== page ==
Top 11 things I have learned in these 11 year. 

1 – Life is short.

2 – If you can’t find the joy in life, BE the joy in life.

3 – Practise tolerance, the world is made up of so many different cultures and beliefs.

4 – If you’re not happy, make a change. If you stay in your unhappiness you will only bring people down with you.

5 – Tell people you love, that you love them. You never know when will be the last time you speak to them.

6 – If you’re toying with the idea of going from 2 kids to 3, go for 3.

7 – The food that you put inside your body REALLY does effect the way you feel.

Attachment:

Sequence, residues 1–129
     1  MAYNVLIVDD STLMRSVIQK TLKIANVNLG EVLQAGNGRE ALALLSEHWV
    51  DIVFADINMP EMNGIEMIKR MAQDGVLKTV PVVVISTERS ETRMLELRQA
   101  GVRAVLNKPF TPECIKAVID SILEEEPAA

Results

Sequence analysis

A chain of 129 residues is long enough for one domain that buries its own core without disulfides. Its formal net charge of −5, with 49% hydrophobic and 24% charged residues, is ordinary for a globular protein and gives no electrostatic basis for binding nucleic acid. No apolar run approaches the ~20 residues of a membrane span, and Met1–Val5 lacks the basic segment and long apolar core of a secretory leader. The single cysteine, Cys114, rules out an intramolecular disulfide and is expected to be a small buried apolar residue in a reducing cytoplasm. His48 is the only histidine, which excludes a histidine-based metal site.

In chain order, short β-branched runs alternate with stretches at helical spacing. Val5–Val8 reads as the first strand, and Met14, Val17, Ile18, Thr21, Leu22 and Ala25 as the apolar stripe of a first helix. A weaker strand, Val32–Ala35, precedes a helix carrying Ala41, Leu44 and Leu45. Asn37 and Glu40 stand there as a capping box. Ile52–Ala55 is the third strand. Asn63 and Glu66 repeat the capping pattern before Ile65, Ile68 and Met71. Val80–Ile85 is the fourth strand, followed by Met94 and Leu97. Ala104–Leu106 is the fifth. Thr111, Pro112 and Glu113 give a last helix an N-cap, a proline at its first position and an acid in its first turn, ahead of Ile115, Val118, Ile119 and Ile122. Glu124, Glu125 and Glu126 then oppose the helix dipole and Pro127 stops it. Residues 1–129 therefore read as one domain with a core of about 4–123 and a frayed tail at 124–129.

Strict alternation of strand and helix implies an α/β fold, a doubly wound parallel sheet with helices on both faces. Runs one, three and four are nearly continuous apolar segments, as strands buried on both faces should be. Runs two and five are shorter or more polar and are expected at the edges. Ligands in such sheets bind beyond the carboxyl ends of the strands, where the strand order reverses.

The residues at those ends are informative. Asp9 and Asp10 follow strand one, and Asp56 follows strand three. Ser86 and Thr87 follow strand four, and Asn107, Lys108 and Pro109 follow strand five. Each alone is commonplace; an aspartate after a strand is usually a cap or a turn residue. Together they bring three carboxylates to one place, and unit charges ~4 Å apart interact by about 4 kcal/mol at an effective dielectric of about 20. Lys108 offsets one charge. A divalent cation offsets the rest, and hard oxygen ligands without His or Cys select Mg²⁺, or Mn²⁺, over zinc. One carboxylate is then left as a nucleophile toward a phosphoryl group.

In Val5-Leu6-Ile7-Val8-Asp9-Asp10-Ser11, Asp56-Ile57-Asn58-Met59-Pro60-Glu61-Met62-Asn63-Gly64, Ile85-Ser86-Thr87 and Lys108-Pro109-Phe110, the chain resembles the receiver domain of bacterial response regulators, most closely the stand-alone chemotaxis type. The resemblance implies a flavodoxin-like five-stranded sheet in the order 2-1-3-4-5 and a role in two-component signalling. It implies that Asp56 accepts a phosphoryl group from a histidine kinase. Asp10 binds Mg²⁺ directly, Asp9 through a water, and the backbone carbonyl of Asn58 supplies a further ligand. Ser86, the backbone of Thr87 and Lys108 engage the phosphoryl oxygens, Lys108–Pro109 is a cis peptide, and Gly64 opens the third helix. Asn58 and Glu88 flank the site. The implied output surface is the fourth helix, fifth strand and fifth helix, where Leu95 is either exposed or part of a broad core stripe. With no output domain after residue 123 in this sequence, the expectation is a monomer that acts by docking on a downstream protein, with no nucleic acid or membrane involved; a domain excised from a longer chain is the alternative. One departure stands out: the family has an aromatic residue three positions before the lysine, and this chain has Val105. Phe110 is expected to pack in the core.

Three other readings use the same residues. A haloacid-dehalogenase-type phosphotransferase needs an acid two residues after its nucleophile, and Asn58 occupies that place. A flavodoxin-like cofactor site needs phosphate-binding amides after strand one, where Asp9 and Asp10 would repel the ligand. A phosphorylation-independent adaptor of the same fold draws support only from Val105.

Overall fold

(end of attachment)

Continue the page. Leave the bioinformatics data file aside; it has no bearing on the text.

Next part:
8 – Listen to your body. It speaks to you.

9 – Love those who are difficult to love, that is when you can really make a difference.

10 – Write letters.

11 – Pray – there will always be an answer. It may not always be the answer you’re looking for, but there will be one nonetheless.

I have no idea where the next 11 years will take me. I may very well still be here and will report back then with another recap.

I have met so many very interesting people here, and from each person I have met, I have taken something, and learned something new about myself in the process. I have also learned to look back at my beloved home country with fresh perspective and new appreciation.

Cheers

la

Note: These photo were taken 11yrs ago on a very basic camera.

Photographer Irving Penn – for the love of black and white